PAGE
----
This week’s IT-related “ooftas” was a mixed bag, starting out with yesterday’s “fat-finger” mistake by R. R. Donnelley & Sons, the U.S. Securities and Exchange Commission (SEC) financial reporting filing agent for Google. Donnelley accidentally filed Google’s quarterly report some three hours before NASDAQ stock exchange trading ended instead of after the exchange had closed, the New York Times reported. Google’s report, which showed an unexpectedly large fall in earnings, led to a loss in Google’s stock price of nearly 8% by the end of the trading day. At one point, Google’s stock fell so much that trading on it was temporarily suspended.
Although Google’s market capitalization dropped by $22 billion at one point, with its stock price at about $695 per share, no one is worried about the company’s immediate future – in fact, some analysts are seeing the mistake as creating a buying opportunity, the Wall Street Journal noted.
Knight Capital announced mid-week a quarterly loss of $389.9 millionas a result of a bigger than estimated loss on its zombie trading algorithm debacle in early August, Bloomberg News reported. Knight thought the 45-minute or so trading fiasco would result in it taking a $440 million hit; instead it resulted in a $457.6 million loss. Knight had to seek $400 million in financial help to stay solvent. It's stock has remained in the doldrums since the fiasco, trading at about $2.60 a share as compared to the $10.33 before.
Ford also announced mid-week a recall of 262 000 Ford Fiestas built in Mexico between 3 November 2009 to 21 September 2012 and sold in North and South America. According to CarScoop, Ford discovered that “the curtain air bag on the passenger side will not deploy in some crashes when the front passenger seat is empty, thus increasing the risk of injury to the right rear occupant in the event of a side impact collision.”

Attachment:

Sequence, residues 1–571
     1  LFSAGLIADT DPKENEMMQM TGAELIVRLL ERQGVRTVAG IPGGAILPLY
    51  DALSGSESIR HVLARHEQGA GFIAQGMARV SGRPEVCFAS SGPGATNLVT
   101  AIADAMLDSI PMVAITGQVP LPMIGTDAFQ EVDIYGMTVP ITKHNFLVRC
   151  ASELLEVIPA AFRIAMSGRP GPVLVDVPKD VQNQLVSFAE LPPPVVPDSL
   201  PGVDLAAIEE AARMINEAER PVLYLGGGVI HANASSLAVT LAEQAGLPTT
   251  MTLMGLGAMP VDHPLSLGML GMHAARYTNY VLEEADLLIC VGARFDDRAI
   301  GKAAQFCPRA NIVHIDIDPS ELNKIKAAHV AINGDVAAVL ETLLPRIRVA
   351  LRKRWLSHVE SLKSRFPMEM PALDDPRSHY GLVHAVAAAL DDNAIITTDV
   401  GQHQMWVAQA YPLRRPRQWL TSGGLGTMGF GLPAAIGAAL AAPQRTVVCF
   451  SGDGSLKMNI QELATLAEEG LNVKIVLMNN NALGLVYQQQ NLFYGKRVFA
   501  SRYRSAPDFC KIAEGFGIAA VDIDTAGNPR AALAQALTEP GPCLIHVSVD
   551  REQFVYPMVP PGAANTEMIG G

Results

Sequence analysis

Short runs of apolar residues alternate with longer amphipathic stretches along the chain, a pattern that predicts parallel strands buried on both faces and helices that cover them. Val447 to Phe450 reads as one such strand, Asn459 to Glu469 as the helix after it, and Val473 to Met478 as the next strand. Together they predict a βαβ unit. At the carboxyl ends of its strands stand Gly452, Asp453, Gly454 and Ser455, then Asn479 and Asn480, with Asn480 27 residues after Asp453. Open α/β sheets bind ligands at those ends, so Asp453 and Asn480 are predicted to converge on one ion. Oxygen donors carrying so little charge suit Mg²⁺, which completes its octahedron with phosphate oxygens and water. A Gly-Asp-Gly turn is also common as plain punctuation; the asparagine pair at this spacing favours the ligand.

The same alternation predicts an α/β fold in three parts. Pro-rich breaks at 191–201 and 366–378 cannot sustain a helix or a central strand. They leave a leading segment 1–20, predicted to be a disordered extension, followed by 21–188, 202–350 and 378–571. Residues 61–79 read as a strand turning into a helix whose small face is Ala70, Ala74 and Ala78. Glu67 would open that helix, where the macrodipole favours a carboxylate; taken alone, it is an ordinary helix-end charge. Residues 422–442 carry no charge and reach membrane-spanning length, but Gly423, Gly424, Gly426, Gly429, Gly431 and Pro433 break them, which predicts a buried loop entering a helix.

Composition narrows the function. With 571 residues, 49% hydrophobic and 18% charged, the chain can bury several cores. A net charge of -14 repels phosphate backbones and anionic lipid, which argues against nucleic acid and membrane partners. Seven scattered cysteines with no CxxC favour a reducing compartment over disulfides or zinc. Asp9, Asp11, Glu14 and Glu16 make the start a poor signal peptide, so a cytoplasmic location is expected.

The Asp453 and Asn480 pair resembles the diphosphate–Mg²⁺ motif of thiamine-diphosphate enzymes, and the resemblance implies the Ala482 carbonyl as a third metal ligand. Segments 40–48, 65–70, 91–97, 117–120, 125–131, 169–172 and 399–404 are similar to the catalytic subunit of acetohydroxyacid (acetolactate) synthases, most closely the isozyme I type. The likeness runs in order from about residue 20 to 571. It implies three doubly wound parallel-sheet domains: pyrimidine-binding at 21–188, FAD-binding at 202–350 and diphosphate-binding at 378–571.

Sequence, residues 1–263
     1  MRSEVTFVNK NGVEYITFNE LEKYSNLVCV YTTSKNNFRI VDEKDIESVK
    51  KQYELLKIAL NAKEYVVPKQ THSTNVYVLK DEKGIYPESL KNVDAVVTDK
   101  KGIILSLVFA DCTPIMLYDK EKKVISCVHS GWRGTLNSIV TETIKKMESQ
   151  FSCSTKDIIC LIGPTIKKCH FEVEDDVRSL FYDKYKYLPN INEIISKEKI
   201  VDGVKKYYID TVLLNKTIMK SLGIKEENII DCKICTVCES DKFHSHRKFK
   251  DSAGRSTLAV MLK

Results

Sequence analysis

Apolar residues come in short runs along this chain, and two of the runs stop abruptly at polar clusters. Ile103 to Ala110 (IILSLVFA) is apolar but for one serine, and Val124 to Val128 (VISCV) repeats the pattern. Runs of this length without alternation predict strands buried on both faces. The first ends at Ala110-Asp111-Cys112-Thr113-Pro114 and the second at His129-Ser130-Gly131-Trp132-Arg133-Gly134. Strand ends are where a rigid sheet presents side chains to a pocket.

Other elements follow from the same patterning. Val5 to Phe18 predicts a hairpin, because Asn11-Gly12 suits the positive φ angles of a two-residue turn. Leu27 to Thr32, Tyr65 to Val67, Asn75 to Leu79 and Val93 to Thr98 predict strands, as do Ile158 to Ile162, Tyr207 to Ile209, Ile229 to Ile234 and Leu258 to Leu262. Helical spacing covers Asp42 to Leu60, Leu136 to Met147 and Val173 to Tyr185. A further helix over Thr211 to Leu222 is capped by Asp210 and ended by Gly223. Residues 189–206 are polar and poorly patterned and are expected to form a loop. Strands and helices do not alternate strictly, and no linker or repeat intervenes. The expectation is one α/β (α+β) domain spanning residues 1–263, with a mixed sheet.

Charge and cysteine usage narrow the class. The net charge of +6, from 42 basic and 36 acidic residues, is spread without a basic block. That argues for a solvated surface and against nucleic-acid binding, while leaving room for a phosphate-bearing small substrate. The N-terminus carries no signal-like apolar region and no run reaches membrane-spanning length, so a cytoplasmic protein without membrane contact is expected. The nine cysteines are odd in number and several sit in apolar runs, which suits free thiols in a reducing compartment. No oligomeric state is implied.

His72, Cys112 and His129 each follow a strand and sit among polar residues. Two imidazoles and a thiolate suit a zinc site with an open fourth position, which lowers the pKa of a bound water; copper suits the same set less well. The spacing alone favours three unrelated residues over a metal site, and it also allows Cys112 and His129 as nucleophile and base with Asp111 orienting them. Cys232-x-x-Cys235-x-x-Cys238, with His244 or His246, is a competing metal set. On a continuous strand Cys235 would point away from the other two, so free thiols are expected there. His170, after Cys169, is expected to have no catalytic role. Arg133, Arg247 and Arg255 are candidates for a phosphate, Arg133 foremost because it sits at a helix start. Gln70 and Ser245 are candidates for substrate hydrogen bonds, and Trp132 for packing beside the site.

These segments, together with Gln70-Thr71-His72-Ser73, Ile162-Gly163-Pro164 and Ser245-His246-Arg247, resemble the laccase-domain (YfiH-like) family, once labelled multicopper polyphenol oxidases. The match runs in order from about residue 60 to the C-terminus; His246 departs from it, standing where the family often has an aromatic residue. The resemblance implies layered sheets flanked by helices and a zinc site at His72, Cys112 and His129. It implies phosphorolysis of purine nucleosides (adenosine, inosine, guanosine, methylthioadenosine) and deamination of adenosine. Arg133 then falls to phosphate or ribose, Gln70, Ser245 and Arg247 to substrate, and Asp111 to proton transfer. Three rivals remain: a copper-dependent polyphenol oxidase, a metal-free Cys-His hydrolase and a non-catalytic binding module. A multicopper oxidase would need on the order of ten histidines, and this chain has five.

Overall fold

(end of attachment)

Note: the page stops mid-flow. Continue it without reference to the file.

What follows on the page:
Ford says it will be reprogramming its Fiesta’s Restrain Control Module (pdf) to fix the problem. Some 154 000 of the vehicles were sold in the U.S.
And in a glitch from last weekend, a Frenchwoman claimed that she received a final telephone bill for €11 721 000 000 000 000.00 from Bouygues Telecom after closing her account. According to a BBC News account, the phone company initially told the woman when she inquired about the bill that “there was nothing they could do to amend the computer-generated statement and later offered to set up installments to pay off the bill.”
The phone company eventually admitted that she owed only €117.21, and that the mistaken bill was due to a printing error. They apologized and decided to waive the amount owed, apparently because of the unsympathetic customer service advice she received.
What kind of surprises me is that the printing software would allow for so many digits to be printed in the first place. Or is Bouygues Telecom just planning ahead for runaway euro inflation in the EU?
Robert N. Charette is a Contributing Editor to IEEE Spectrum and an acknowledged international authority on information technology and systems risk management. A self-described “risk ecologist,” he is interested in the intersections of business, political, technological, and societal risks. Charette is an award-winning author of multiple books and numerous articles on the subjects of risk management, project and program management, innovation, and entrepreneurship. A Life Senior Member of the IEEE, Charette was a recipient of the IEEE Computer Society’s Golden Core Award in 2008.